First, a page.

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At Moving the Future conference, mayors and experts envision transportation-friendly city

We don't just work in the city. We play in the city. We hope, dream, laugh, love, and cry in the city. How Metro Vancouver develops has to take this into account.

Living in a living city

"We learned how to survive. Now we have to learn how to live." So says Gil Peñalosa, Executive Director of 8-80 Cities and keynote speaker at the Moving the Future conference here in Vancouver.

Mayor Gregor Robertson noted in his welcoming speech that the transportation decisions we make— or refuse to make— will profoundly shape the future version of the Metro Vancouver area. He said that there was already “an incredible amount of agreement about what we need to do,” but the very existence of this conference suggested that such agreement is not universal. Robertson said that we definitely need to invest in more transit, as well as promote walkability: "We’re not going to attract the best and brightest students from all over the world... if they’re spending a couple hours a day in transit.”

After all, as was repeated over the course of the day, Metro Vancouver is expecting another million people to call this area home by 2046, not getting ahead of the transportation issue will knock Vancouver off its most-desirable-city pedestal. Robertson was optimistic, though, saying, “We have every reason to believe that we can take our transportation network from good to great.”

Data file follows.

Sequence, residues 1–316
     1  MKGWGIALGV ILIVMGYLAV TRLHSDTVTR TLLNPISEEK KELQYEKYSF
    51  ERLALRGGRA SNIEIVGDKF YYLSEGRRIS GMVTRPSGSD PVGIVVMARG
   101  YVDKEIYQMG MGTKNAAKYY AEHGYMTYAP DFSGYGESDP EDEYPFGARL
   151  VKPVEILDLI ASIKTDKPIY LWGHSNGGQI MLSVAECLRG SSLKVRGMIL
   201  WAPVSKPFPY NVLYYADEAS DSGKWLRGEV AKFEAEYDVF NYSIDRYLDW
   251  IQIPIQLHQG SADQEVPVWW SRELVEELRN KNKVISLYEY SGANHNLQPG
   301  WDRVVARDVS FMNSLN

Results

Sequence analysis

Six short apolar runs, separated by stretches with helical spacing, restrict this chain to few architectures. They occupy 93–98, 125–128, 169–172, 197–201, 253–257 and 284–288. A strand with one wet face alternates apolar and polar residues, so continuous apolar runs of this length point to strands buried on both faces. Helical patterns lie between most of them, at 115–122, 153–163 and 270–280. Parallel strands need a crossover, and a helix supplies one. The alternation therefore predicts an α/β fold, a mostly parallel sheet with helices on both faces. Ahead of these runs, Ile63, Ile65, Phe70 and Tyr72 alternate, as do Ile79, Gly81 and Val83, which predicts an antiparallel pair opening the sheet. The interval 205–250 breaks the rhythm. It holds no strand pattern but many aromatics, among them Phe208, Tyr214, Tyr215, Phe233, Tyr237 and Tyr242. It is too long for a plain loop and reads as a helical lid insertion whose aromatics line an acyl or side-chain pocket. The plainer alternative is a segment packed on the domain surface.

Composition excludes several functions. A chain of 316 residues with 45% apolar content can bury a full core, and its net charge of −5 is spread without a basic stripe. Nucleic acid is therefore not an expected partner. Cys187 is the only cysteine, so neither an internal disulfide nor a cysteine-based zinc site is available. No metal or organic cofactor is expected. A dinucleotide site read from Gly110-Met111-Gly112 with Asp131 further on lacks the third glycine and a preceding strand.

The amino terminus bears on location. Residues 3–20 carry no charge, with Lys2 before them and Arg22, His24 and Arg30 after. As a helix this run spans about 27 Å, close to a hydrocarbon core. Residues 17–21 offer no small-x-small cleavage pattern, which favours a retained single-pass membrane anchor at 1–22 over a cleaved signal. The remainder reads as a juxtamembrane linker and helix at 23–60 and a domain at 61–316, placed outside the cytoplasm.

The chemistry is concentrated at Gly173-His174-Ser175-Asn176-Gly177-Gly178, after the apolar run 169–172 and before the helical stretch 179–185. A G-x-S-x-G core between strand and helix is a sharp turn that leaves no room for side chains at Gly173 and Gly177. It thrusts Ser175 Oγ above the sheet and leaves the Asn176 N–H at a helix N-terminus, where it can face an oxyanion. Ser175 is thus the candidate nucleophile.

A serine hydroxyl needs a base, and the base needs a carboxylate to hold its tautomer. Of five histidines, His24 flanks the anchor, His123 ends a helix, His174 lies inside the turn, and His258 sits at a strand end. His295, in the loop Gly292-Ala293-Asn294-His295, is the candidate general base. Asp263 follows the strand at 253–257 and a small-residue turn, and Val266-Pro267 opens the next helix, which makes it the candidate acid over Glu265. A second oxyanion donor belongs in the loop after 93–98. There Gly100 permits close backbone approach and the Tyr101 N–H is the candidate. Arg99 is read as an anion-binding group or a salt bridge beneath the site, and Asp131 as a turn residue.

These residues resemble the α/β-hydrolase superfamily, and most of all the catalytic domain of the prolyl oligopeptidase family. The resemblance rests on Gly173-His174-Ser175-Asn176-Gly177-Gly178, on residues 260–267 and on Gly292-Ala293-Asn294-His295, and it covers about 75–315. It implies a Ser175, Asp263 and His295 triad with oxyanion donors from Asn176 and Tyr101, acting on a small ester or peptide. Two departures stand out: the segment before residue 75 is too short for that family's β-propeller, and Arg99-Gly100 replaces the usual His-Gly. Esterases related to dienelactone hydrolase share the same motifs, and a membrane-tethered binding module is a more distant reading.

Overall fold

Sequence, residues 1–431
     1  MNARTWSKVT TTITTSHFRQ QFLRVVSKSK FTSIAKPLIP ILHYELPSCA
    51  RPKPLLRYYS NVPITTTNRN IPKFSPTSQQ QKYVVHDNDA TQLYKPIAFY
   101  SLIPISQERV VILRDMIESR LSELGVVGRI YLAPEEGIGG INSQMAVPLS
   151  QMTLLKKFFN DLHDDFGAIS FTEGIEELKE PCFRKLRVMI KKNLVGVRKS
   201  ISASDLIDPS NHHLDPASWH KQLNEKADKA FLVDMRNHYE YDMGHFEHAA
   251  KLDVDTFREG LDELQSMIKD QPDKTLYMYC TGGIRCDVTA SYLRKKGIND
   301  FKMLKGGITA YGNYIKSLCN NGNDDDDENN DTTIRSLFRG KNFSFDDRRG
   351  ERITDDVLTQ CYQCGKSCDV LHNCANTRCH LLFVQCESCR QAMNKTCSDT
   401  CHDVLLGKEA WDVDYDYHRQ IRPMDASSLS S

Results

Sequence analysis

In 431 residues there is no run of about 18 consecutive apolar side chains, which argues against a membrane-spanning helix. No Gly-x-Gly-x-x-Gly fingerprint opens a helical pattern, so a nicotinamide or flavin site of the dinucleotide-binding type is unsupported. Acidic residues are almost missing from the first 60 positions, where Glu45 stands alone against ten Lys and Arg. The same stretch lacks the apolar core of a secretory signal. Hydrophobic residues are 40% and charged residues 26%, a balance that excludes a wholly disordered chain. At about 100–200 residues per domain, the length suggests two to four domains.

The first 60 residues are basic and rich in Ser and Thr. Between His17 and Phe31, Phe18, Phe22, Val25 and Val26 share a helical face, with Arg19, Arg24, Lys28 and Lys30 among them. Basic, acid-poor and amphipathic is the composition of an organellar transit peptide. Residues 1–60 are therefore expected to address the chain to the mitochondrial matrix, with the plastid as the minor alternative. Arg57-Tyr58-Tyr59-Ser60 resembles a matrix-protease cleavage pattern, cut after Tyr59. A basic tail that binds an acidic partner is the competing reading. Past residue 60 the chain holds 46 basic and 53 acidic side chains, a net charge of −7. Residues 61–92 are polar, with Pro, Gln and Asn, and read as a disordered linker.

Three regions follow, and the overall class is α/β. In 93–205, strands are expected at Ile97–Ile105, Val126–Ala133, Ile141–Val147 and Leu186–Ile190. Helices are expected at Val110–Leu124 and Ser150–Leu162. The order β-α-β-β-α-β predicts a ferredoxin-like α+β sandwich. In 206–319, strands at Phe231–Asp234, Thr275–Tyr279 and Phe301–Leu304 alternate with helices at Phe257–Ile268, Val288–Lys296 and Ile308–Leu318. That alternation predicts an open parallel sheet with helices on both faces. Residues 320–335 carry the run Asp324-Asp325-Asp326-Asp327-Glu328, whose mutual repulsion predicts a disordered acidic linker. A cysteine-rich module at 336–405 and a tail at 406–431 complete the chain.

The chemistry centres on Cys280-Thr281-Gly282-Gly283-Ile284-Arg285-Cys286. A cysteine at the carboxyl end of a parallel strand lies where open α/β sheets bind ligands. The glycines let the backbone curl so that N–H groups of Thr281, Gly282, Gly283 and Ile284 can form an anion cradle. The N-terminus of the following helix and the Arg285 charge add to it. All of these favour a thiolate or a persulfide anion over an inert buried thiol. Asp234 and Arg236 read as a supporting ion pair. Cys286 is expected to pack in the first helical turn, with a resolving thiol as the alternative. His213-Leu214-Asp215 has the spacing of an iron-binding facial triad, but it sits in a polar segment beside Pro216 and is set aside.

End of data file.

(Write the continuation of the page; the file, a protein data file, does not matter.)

Surrey Mayor Dianne Watts lamented her own commute to the Convention Centre this morning: the drive took over an hour when leaving at around 6am. Had she opted to take the SkyTrain, it would not have helped much: Watts would still have had to drive 30 minutes to the nearest station.

Watts was the first to mention The Gateway, our portal to the rest of the Asia-Pacific region. Watts said that we have 28 major marine cargo terminals in 16 metro-Vancouver cities, as well as over a million trucks crossing the border annually and $1.9billion worth of goods transported by train. Congestion, said Watts, costs us $1.5 billion annually. “Getting people out of their cars, cars off the road, you’re lessening congestion. It’s not rocket science.”

It is, however, political science, which Peñalosa would mention later on.

“The investment we make in this region has to be significant, "Watts insisted, and that we must “put politics aside and ensure we’re doing the right thing for the future.”

Service industry

The British Columbia stereotype may involve lumberjacks, but our real industry is veering towards the service economy. Ken Peacock, Chief Economist and Vice President of the Business Council of BC, noted that our trajectory takes us towards a stronger connection with the rest of Asia-Pacific. Basically, we’re hitched to China’s rapid-development star. Metro-Vancouver growth eclipses that of any other part of BC said Peacock, “more than double what’s happening in the rest of the province."

Peacock (who also had a crappy commute) noted that our exports to the Pacific Rim are now equal to what we export to the USA, adding that the transportation and logistics industry plays an important role in the expansion of that service base.

Roads, tracks, and SkyTrain lines are the circulatory system of Metro-Vancouver, and we need a strong cardio program to get our region through this next growth spurt. That growth will come from education and training, business and tourism markets for the rest of the province, employment opportunities, head offices of companies that operate elsewhere, and gateway connections, Metro-Vancouver is the linchpin for British Columbia’s health; and a healthy metro region depends on efficient growth of our transportation infrastructure.

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